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DNR to Begin Stocking Trout in October for Fall Fishing Season
Annapolis, Md. — The Maryland Department of Natural Resources will stock approximately 19,000 trout into freshwaters across the state during October 2008. A small number of these will be brown trout averaging 3 to 5 pounds each.
“Thanks to a good amount of rain that put some water back in our streams and mild weather starting to lower water temperatures, we are looking forward to a great fall trout fishing season,” said Assistant Fisheries Director Don Cosden. “We will be stocking some really nice fish, so I encourage anglers to get out and enjoy Maryland’s great outdoors and the upcoming fall weather.”
Although stocking dates and locations are dependent on water flow and temperature, crews generally find conditions are right in many areas beginning the second week of October and stocking is usually complete by the end of the month. In most years, cool water allowed trout stocking in Delayed Harvest Trout Fishing Areas and locations such as the North Branch Potomac, Bear Creek, Town Creek, Blairs Valley Lake, Antietam Creek, Beaver Creek, Cunningham Falls, Rainbow Lake, Greenbrier Lake, Morgan Run, Patapsco River, Gunpowder Falls, Great Seneca, Wheatley Lake, Lake Artemesia, Greenbelt Lake, Big Elk, Deer Creek and Tuckahoe. We expect to stock these areas and numerous others as conditions allow.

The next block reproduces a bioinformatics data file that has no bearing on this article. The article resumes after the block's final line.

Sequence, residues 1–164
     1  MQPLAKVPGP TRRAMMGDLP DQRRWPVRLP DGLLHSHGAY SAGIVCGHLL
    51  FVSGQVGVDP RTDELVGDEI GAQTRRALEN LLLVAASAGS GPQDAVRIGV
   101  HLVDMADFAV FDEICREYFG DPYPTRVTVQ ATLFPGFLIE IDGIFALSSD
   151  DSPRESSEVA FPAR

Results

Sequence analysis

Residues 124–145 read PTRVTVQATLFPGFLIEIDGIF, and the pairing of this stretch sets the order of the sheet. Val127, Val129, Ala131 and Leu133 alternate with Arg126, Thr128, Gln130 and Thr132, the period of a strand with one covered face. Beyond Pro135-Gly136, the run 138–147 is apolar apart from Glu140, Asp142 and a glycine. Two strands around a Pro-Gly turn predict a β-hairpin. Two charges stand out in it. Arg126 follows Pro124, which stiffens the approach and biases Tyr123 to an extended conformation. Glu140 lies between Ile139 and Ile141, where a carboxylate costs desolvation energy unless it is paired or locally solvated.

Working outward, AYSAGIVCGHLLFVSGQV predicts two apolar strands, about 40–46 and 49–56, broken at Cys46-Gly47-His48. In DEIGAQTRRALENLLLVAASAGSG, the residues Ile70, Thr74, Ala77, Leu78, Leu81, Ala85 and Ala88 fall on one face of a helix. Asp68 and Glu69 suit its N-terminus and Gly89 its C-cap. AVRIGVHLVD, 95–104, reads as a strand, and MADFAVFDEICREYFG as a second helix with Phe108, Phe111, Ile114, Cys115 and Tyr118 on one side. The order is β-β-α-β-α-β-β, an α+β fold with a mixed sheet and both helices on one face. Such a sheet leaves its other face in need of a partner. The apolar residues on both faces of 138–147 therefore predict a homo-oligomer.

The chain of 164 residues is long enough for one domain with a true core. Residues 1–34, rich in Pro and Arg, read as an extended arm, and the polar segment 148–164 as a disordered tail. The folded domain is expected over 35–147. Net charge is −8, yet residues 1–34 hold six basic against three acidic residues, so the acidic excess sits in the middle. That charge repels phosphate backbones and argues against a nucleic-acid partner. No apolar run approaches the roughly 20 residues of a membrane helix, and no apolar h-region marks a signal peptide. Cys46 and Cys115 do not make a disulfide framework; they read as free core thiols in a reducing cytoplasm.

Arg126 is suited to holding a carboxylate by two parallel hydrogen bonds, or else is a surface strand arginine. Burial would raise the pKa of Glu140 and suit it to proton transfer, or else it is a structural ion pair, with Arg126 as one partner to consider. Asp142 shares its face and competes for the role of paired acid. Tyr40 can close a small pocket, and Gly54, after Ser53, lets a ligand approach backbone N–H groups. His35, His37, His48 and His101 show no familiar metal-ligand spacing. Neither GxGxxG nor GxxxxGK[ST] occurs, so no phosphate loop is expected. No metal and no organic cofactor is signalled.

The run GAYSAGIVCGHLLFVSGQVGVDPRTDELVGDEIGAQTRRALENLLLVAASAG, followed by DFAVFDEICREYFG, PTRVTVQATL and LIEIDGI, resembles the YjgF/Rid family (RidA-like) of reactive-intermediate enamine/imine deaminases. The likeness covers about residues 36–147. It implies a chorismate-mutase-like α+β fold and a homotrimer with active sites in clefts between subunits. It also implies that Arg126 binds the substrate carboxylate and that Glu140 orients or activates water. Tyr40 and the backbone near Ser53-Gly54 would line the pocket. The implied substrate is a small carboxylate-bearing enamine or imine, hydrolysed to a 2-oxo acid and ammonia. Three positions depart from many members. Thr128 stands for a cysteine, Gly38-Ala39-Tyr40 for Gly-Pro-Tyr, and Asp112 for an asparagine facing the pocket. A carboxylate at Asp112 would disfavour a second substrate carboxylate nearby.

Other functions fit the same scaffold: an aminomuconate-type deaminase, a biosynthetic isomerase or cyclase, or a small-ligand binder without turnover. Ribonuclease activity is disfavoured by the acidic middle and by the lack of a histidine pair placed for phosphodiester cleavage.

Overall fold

DNR’s trout stocking information telephone line, 1-800-688-3467, will be updated weekly beginning Oct. 1 so that anglers may find out if their favorite area has been stocked. After stocking is completed, a list of stocked areas will be posted online at www.dnr.maryland.gov.
September 15, 2008
Contact: Olivia Campbell
410-260-8016 office I 410-507-7525 cell
Maryland Department of Natural Resources (DNR) is the state agency responsible for providing natural and living resource-related services to citizens and visitors. DNR manages more than 449,000 acres of public lands and 17,000 miles of waterways, along with Maryland's forests, fisheries and wildlife for maximum environmental, economic and quality of life benefits. A national leader in land conservation, DNR-managed parks and natural, historic and cultural resources attract 12 million visitors annually. DNR is the lead agency in Maryland's effort to restore the Chesapeake Bay, the state's number one environmental priority. Learn more at www.dnr.maryland.gov.